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Drug trafficking

50,000 arrested as part of El Salvador's ongoing ‘war against gangs’

Most of those arrested belong to the Mara Salvatrucha (MS-13), one of the largest criminal organizations on the continent

August 17, 2022 6:31pm

Updated: August 18, 2022 6:54am

Almost 50,000 people have been arrested by El Salvador's police in the course of the "war" against gangs declared by President Nayib Bukele five months ago along with a state of emergency, authorities said on Tuesday. 

"We inform the Salvadoran population that we have already reached 50,000 records of people detained during the period of the emergency regime," said the director of the National Civil Police (PNC), Mauricio Arriaza. 

The Salvadoran Legislative Assembly also extended for the fifth time the state of emergency that allows for these captures and limits rights in the country. In less than five months, the war against gang violence is filling the jails of the Central American country.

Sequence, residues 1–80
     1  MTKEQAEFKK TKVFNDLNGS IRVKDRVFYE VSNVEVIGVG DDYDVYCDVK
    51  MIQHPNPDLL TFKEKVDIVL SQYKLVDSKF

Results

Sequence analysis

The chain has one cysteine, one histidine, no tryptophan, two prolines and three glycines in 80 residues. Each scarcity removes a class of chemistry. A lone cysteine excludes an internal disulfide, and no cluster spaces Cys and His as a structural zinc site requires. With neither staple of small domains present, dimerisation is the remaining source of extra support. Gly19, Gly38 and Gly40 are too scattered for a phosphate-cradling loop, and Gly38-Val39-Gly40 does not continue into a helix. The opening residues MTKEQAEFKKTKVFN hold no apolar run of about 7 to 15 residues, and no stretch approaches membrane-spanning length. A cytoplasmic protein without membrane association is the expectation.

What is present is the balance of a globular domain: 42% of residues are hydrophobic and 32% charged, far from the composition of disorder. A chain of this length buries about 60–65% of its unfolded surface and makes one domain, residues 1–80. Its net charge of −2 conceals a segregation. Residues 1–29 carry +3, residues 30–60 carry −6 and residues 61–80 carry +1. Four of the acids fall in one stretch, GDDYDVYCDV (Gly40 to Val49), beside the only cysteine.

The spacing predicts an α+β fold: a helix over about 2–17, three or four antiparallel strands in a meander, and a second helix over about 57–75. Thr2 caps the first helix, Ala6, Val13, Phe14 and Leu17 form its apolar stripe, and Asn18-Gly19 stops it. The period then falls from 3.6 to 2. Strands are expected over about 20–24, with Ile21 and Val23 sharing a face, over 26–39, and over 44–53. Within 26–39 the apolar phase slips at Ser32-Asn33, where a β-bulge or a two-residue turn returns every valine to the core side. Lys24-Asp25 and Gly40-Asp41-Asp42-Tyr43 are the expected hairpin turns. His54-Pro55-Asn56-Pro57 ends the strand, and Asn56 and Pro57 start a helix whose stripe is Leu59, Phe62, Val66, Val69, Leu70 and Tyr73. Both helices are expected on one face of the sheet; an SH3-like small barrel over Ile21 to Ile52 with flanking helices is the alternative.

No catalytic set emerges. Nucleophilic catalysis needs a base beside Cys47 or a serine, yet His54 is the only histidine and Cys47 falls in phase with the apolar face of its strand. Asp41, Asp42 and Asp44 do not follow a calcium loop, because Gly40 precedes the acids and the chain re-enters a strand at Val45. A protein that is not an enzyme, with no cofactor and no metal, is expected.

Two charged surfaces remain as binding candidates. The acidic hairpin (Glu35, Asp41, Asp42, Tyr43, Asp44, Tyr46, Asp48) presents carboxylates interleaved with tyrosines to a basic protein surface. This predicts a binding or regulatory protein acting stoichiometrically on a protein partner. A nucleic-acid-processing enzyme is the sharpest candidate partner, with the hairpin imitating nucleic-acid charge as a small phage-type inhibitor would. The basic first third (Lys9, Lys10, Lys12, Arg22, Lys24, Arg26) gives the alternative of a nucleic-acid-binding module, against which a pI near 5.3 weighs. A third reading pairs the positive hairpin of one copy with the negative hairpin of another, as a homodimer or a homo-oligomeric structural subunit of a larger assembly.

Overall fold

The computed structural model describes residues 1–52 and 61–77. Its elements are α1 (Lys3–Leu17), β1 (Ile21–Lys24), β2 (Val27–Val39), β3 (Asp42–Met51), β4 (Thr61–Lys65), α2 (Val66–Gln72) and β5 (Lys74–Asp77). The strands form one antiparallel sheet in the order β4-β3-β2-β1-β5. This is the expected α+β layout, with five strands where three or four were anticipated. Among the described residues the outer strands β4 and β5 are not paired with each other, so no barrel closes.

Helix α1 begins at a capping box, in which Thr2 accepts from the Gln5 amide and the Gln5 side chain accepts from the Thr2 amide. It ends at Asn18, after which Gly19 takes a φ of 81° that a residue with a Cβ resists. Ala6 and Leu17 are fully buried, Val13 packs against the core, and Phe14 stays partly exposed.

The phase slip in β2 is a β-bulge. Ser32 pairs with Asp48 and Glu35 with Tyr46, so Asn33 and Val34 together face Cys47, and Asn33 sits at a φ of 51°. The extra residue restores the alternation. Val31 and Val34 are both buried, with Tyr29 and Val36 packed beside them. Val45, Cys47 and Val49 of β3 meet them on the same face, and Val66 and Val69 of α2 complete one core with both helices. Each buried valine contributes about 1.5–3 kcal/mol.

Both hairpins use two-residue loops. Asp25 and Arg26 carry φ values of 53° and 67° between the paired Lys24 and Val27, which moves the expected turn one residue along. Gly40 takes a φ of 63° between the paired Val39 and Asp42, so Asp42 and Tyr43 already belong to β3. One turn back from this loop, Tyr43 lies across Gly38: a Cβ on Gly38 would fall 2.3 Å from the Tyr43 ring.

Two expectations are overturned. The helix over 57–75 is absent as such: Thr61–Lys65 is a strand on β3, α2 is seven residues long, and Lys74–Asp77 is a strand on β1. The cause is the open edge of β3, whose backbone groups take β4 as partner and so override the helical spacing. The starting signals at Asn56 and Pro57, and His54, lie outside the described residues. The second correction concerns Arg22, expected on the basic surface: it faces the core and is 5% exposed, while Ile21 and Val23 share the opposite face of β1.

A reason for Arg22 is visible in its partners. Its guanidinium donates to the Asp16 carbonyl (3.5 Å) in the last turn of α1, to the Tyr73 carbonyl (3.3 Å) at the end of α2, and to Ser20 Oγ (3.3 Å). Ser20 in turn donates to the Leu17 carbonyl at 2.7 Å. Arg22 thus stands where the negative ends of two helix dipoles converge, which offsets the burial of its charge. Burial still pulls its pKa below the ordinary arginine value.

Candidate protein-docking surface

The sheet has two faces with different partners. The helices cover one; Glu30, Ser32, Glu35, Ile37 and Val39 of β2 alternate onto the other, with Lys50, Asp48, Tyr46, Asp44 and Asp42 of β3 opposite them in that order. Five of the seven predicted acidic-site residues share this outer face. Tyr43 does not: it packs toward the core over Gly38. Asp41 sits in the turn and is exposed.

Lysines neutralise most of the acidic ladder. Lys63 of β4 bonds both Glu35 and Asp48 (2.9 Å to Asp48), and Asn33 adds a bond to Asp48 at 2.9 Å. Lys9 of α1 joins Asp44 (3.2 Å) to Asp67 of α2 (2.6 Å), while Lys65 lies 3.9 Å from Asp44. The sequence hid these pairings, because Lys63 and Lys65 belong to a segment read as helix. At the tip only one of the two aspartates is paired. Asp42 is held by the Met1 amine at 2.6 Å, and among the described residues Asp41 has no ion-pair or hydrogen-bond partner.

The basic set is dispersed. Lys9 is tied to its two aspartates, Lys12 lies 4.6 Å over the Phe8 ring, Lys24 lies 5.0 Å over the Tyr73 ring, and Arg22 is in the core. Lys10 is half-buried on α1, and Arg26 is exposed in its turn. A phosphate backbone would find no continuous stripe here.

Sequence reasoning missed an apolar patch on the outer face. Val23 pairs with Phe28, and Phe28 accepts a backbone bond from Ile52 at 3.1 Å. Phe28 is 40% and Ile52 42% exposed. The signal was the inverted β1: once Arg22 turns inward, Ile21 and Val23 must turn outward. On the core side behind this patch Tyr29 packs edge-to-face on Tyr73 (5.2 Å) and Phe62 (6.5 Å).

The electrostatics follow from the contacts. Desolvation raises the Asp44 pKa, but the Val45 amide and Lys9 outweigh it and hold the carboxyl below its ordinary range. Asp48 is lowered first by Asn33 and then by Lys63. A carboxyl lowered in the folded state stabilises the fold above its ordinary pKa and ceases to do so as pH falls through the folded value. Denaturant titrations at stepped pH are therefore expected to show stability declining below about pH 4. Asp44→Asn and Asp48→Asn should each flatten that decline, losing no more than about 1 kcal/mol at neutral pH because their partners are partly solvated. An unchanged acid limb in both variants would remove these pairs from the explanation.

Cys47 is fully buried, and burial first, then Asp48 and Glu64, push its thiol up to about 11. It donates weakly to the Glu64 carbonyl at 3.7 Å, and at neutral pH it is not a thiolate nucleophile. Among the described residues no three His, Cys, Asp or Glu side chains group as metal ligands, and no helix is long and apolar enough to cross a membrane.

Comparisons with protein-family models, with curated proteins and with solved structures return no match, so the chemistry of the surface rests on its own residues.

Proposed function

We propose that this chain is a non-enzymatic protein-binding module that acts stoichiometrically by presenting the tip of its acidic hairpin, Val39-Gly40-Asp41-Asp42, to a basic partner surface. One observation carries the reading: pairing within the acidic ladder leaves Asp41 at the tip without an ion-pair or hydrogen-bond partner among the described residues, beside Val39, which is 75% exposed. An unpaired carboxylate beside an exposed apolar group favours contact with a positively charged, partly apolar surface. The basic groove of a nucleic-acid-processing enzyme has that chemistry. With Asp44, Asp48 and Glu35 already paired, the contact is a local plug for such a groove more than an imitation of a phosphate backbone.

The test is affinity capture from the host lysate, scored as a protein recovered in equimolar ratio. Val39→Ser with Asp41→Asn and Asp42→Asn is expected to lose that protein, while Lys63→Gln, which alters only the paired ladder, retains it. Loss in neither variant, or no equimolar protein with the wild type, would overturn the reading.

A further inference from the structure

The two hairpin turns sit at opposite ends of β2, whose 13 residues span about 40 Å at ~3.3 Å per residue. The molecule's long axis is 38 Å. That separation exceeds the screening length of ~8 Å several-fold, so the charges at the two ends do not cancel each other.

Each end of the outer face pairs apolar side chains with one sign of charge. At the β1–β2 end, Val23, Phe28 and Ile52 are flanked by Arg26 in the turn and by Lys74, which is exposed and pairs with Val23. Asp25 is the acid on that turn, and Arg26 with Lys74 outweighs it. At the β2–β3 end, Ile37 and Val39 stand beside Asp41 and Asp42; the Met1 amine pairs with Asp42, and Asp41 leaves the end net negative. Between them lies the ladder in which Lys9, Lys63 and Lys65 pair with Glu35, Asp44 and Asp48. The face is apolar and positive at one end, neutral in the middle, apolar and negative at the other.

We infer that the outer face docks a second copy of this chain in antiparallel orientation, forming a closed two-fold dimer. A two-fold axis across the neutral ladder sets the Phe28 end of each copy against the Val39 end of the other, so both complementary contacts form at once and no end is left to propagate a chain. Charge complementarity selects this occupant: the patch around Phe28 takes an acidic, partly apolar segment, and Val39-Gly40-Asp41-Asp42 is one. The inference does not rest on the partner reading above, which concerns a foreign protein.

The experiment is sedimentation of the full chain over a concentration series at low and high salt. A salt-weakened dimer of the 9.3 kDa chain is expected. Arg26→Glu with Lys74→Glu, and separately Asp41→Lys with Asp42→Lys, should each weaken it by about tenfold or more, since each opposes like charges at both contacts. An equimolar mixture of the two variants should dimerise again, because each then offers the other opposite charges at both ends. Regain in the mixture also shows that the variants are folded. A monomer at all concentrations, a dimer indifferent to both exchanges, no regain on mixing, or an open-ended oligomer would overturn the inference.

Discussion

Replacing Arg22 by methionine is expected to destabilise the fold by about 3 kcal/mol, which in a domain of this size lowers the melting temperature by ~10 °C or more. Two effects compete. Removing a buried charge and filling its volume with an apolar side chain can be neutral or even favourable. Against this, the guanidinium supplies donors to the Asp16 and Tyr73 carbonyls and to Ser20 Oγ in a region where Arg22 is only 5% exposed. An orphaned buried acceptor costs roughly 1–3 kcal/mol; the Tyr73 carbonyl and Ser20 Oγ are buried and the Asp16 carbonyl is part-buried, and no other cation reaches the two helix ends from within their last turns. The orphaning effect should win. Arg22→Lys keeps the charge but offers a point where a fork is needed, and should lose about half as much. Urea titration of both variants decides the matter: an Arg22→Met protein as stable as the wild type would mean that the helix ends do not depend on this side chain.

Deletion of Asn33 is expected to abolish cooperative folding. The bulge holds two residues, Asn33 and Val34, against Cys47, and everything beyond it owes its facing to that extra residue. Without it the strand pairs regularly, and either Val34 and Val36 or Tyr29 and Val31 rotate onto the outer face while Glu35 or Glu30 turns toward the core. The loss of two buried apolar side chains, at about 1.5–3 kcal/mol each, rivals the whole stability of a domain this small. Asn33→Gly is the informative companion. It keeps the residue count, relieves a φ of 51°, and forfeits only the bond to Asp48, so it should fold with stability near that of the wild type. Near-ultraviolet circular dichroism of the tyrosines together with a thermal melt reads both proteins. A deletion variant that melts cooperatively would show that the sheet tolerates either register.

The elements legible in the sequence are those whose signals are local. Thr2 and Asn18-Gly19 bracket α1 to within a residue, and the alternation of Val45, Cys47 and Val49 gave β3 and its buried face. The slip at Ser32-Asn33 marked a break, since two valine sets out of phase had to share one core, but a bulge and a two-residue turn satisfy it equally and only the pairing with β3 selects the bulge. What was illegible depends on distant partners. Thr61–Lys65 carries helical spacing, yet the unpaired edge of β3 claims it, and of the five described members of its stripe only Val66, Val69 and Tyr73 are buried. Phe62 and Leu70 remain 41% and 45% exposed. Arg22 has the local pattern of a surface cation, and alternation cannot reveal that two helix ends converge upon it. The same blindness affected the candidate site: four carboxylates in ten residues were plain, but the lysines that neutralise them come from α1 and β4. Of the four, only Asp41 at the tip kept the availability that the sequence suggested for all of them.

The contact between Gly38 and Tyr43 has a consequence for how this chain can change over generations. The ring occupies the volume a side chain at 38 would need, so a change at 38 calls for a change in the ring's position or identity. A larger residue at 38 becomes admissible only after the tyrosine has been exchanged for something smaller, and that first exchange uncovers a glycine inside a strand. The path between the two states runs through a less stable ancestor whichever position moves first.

The state of emergency, which allows arrests without warrants, was put in place in response to an escalation of homicides that claimed the lives of 87 people between March 25 and 27. 

The Presidential House stated in a tweet that they have managed to remove from the streets "thousands of terrorists who no longer terrorize Salvadorans."

To house a portion of the detainees, Bukele ordered the construction of a giant prison for 40,000 gang members in a rural area of the city of Tecoluca, in the center of the country, which should be ready before the end of the year. 

In the 142 days of the emergency regime, there have been "77 days with zero homicides," representing "an average of 0.77 homicides (per day) during the application of the security measure," according to Defense Minister René Merino.

Among those arrested, 68.9 percent belonged to the Mara Salvatrucha (MS-13), one of the largest criminal organizations on the continent, followed by the southern faction of the Barrio 18 gang (17.7 percent) and the Revolutionaries faction of the same group (12.7 percent). 

Salvadoran and international humanitarian organizations have compiled reports of possible human rights violations, including arbitrary detentions, as well as numerous deaths in prisons. Local press and civil society reports indicate that at least 69 people have died in state custody.